ICD-9 Diagnosis Code 910.7

Foreign body head-infect

Diagnosis Code 910.7

ICD-9: 910.7
Short Description: Foreign body head-infect
Long Description: Superficial foreign body (splinter) of face, neck, and scalp except eye, without major open wound, infected
This is the 2014 version of the ICD-9-CM diagnosis code 910.7

Code Classification
  • Injury and poisoning (800–999)
    • Superficial injury (910-919)
      • 910 Superficial injury of face, neck, and scalp except eye

Information for Medical Professionals

Convert to ICD-10 Additional informationCallout TooltipGeneral Equivalence Map
The ICD-10 and ICD-9 GEMs are used to facilitate linking between the diagnosis codes in ICD-9-CM and the new ICD-10-CM code set. The GEMs are the raw material from which providers, health information vendors and payers can derive specific applied mappings to meet their needs.

Synonyms
  • Splinter of face, without major open wound, infected
  • Splinter of head, without major open wound, infected
  • Splinter of neck, without major open wound, infected
  • Splinter of scalp, without major open wound, infected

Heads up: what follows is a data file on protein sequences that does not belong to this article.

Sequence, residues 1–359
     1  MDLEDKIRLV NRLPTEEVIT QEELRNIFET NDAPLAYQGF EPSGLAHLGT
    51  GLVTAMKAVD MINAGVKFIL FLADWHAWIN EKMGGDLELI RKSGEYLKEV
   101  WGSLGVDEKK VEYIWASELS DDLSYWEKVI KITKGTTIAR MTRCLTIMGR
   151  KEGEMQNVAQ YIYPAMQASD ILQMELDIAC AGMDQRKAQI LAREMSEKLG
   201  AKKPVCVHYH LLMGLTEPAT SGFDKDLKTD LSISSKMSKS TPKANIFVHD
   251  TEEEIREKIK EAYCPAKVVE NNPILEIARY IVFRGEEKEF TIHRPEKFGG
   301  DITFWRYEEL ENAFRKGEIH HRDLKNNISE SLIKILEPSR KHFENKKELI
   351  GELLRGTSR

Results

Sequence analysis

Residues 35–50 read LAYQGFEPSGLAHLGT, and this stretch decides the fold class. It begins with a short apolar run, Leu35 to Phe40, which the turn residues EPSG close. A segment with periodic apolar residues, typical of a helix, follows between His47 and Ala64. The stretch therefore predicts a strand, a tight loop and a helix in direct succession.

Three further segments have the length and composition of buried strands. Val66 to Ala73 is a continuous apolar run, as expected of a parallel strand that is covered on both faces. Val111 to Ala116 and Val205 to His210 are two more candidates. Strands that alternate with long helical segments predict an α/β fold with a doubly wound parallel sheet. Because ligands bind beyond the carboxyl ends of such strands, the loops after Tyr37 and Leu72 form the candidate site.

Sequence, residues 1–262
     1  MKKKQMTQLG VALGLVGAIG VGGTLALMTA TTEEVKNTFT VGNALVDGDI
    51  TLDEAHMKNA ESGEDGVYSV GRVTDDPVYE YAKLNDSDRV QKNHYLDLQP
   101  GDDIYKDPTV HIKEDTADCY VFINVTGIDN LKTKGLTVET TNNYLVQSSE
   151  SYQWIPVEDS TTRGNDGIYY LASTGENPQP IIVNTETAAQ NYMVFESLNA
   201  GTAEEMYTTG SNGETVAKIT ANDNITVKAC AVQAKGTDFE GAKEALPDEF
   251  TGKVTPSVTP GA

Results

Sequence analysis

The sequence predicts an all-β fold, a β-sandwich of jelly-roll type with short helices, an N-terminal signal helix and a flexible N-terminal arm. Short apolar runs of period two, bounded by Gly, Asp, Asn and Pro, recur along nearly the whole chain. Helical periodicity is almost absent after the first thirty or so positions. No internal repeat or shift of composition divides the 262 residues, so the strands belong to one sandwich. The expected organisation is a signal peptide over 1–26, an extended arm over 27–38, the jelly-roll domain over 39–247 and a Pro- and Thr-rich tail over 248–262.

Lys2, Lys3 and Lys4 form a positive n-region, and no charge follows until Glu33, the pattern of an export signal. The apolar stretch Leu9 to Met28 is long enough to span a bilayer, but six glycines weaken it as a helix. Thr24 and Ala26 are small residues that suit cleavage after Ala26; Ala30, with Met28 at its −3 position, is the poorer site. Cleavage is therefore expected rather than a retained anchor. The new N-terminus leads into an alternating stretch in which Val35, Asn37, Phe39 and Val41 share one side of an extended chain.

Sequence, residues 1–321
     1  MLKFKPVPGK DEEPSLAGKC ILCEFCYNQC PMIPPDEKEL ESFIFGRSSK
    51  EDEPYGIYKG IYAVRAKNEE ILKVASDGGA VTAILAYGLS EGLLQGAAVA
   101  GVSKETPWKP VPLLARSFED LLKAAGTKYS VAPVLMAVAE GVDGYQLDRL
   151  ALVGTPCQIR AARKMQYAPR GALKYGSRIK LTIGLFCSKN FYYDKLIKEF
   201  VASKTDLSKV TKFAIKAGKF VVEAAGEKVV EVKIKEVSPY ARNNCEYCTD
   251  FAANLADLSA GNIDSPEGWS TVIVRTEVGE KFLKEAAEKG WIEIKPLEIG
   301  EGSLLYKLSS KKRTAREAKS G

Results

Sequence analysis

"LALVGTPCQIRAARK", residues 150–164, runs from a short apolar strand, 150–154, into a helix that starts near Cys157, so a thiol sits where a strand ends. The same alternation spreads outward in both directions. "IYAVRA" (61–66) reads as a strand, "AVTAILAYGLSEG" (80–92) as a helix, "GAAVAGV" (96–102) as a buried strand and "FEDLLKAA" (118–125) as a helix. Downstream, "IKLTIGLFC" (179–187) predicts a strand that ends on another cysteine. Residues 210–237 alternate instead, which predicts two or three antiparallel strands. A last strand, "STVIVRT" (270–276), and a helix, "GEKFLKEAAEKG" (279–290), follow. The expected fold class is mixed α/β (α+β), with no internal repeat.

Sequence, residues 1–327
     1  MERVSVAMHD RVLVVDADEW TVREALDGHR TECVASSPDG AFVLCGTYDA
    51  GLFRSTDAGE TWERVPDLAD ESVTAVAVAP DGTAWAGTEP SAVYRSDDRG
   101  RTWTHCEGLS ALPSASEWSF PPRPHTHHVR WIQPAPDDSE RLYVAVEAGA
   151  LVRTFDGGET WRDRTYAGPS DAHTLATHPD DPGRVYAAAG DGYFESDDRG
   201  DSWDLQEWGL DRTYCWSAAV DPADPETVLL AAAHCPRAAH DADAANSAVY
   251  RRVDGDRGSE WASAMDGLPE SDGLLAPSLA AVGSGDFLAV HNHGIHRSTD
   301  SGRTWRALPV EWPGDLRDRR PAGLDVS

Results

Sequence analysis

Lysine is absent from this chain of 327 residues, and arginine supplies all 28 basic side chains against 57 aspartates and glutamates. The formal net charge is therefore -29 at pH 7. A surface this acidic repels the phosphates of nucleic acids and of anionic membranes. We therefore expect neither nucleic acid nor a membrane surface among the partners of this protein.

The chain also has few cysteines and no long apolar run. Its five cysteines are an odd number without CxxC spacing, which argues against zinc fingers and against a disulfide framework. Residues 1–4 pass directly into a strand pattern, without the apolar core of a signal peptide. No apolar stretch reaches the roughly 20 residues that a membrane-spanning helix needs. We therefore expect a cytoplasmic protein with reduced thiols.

• Superficial foreign body of cheek without major open wound but with infection
  • Superficial foreign body of ear without major open wound but with infection
  • Superficial foreign body of face without major open wound but with infection
  • Superficial foreign body of gum without major open wound but with infection
  • Superficial foreign body of lip without major open wound but with infection
  • Superficial foreign body of neck without major open wound but with infection
  • Superficial foreign body of nose without major open wound but with infection
  • Superficial foreign body of scalp without major open wound but with infection

Information for Patients


Foreign Bodies

If you've ever gotten a splinter or had sand in your eye, you've had experience with a foreign body. A foreign body is something that is stuck inside you but isn't supposed to be there. You may inhale or swallow a foreign body, or you may get one from an injury to almost any part of your body. Foreign bodies are more common in small children, who sometimes stick things in their mouths, ears, and noses.

Some foreign bodies, like a small splinter, do not cause serious harm. Inhaled or swallowed foreign bodies may cause choking or bowel obstruction and may require medical care.

  • Bezoar
  • Eye - foreign object in
  • Foreign body in the nose
  • Foreign object - inhaled or swallowed
  • Splinter removal


[Read More]
Previous Code
Previous Code 910.6
Next Code
910.8 Next Code